An interesting thought experiment to imagine how any rom-com plays out if you swap the characters around. Notting Hill, but Will is the movie star badgering normal-gal Anna for a second chance; While You Were Sleeping but Jack is the stranger who swiftly ingratiates himself into a traumatized family (the first act of a crime drama!); Pretty Woman but Edward is a hustler—actually that’s just American Gigolo


The point is, rom-coms are often built on a scaffolding of societal norms that only flow one way; if a man acted like a woman in a rom-com, he'd be a creep, if a woman acted like a man in a rom-com, she’d be a bitch, at least according to the norms and mores that say a woman can only be professionally successful if she’s a mess everywhere else, a man can be any degree of hapless/helpless/hopeless and still land his dream girl. The Idea of You, however, leans into a taboo(ish) romance and sensitively and thoughtfully—and sexily—explores how such a scenario might play out in the unforgiving real world.


Anne Hathaway stars as the improbably named Solène Marchand, a divorced woman just turned 40 who dotes on her daughter and owns an art gallery in the painfully hip neighborhood of Silver Lake in Los Angeles. She has a fabulous house, artsy friends, and a dickhead ex, Daniel (Reid Scott). When Daniel bails on their daughter, Izzy (Ella Rubin), at the last minute, Solène steps in with a tight smile that says EVERYTHING about how her co-parenting with Daniel is really going and takes Izzy and her friends to Coachella. Daniel arranged VIP meet and greet passes for the kids to see August Moon, a One Direction-esque boy band that is “so seventh grade”. At Coachella, a backstage mix-up leads Solène to meet Hayes Campbell (Nicholas Galitzine), who is probably definitely based on Harry Styles. 

Hathaway is SPECTACULAR as Solène, you don’t even need to see her cool house or surprisingly well-adjusted kid or gallery full of incomprehensible art to know she’s cool. Solène is cool because Hathaway is cool, projecting confidence, intelligence, earthy warmth—except to dickhead Daniel—and all of that adds up to a sexiness on screen that makes it completely believable when Hayes takes one look at Solène with her actually quite dorky sun hat and you SEE the fixation form. When it becomes clear Solène isn’t faking not quite recognizing Hayes, his interest only grows.


Adapted from Robinne Lee’s book of the same name by Jennifer Westfeldt and Michael Showalter, who also directs, The Idea of You doesn’t hide the noticeable age gap between Solène and Hayes. Hathaway is a beautiful movie star in real life, but on screen she does look older than Galitzine, there is a real 12-year gap between them, and it is apparent. In the film, Solène is 16 years older than Hayes, a point the film does not belabor except that it forms the crux of the problems between the lovers. When it’s just them, Solène and Hayes are a great couple, they mesh easily and bring out the best in one another. Hayes draws Solène out of her post-divorce shell, Solène provides real empathy and companionship that Hayes isn’t getting in his fame-bubble life.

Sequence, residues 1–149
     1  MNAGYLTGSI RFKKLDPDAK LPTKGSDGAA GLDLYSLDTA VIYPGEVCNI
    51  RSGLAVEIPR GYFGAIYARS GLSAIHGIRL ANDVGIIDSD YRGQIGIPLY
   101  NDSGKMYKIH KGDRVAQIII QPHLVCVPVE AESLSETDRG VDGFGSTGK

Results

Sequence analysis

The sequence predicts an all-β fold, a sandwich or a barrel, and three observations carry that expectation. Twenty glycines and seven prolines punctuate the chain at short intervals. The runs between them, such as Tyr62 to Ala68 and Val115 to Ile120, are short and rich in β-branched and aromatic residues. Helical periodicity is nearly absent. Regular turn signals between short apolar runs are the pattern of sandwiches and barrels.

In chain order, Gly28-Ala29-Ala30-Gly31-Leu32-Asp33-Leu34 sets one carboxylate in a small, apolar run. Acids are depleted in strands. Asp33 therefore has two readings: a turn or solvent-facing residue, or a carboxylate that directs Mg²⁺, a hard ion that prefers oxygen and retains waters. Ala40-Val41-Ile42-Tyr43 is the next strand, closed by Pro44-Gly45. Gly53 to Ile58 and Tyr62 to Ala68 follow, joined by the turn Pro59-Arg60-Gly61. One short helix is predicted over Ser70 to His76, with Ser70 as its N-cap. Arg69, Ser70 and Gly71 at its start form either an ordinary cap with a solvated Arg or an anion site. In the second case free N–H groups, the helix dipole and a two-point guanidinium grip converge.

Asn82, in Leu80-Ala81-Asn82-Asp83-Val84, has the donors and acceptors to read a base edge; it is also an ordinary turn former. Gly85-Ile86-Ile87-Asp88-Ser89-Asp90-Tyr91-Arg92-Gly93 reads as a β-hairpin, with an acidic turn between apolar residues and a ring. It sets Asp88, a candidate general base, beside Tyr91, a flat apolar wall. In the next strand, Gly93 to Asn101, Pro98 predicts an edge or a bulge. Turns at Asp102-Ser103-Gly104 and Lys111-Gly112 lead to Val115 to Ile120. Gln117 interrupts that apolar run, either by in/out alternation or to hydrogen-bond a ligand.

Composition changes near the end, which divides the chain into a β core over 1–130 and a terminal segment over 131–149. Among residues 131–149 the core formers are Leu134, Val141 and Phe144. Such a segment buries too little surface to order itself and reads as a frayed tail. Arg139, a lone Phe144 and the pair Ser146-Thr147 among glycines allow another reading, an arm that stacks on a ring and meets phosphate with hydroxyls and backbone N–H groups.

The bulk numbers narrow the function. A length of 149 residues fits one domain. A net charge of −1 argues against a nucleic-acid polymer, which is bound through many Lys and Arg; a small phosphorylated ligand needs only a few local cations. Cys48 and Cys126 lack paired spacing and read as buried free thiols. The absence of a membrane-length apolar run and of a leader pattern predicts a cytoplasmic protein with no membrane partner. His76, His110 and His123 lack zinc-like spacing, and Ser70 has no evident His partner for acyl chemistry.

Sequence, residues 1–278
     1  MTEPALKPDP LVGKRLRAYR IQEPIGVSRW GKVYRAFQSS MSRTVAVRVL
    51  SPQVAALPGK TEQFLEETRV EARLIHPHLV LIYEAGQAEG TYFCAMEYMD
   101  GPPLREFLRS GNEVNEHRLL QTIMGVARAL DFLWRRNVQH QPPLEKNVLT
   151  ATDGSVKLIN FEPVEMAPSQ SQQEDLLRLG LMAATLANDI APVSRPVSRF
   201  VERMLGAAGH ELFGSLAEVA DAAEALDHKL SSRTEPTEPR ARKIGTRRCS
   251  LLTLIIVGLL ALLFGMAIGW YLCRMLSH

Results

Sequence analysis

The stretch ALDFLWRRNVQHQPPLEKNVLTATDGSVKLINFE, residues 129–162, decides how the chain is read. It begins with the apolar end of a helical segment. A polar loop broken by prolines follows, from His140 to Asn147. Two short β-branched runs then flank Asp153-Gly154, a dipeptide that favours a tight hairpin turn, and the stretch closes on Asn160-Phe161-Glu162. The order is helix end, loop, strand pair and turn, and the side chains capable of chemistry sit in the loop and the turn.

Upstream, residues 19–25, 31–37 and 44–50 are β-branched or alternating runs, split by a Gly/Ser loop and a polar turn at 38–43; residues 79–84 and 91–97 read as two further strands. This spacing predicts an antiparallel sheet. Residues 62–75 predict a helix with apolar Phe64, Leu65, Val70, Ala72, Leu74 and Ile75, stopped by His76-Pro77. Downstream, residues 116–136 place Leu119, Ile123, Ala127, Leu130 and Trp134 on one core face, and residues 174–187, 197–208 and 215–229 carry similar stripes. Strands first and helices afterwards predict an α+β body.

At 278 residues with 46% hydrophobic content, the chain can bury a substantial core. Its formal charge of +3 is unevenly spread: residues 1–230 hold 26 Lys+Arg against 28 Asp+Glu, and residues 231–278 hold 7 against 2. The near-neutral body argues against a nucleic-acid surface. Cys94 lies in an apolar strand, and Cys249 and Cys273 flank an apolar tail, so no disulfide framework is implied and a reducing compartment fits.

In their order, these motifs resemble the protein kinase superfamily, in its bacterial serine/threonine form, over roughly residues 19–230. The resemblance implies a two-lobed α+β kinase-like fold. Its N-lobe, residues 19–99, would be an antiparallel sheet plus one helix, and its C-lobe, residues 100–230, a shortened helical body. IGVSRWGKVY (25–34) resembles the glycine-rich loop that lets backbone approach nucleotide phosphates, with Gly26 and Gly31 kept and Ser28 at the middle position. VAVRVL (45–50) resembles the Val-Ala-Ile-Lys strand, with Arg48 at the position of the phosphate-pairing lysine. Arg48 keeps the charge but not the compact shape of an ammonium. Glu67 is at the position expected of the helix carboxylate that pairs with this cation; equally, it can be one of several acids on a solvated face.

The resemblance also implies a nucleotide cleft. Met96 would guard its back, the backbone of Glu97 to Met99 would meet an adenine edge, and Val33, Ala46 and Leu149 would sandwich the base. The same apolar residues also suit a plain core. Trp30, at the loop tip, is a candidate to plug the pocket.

But of course, the world outside of their relationship exists. The girls who accompany various August Moon members are deliberately cruel, a sharp contrast to Solène’s patient attempts to treat them like real people and not Barbie dolls. Online, the public commentariat are brutal, flaying Solène with anonymous vitriol, like we’ve really seen levelled at women who date men the world deems them unworthy of. But worse, people begin bullying Izzy over her mother’s relationship, and so Solène calls it off.


Yes, The Idea of You is sexy—though it goes only a little further than “fade to black”—but more, it’s sensitive. Showalter has a knack for seamlessly integrating his own kindness as a storyteller into genre tropes, and here he hits all the rom-com highlights, including the meet cute, the happy couple montage, the devastating act-two breakup, and still manages to filter all of it through genuine empathy for Solène and Hayes. The film never questions Hayes’s ability to make his own decisions as a mid-20s man, nor do Solène’s various hesitations ever seem cruel or unjustified. It’s one thing for her to absorb the world’s judgment, but she will not let it ruin Izzy’s life. It’s completely understandable, for us and for Hayes.

It's just an impossible situation, which is what makes it so heartbreaking. There are some funny moments in Idea, but it’s more of a romantic drama than anything, delving into the reality of a woman trying to carve out something for herself despite being a mom—the film never addresses the implication that mothers can’t have anything for themselves, a point it walks directly into and only gets away with because Hayes’s fame is such a problem, if he was a normal guy, this messaging would be appalling. What keeps it together is Hathaway and Galitzine’s chemistry, and that Showalter never loses his affection for these characters. The Idea of You is sexy and romantic, but it’s also kind. It’s as if the crueler the world is to Solène, the kinder the film becomes. The result is a romance that is sexy and sweet and heartbreaking, but ultimately hopeful. Happy endings may take time, but they do eventually come.


The Idea of You is now streaming exclusively on Prime Video.


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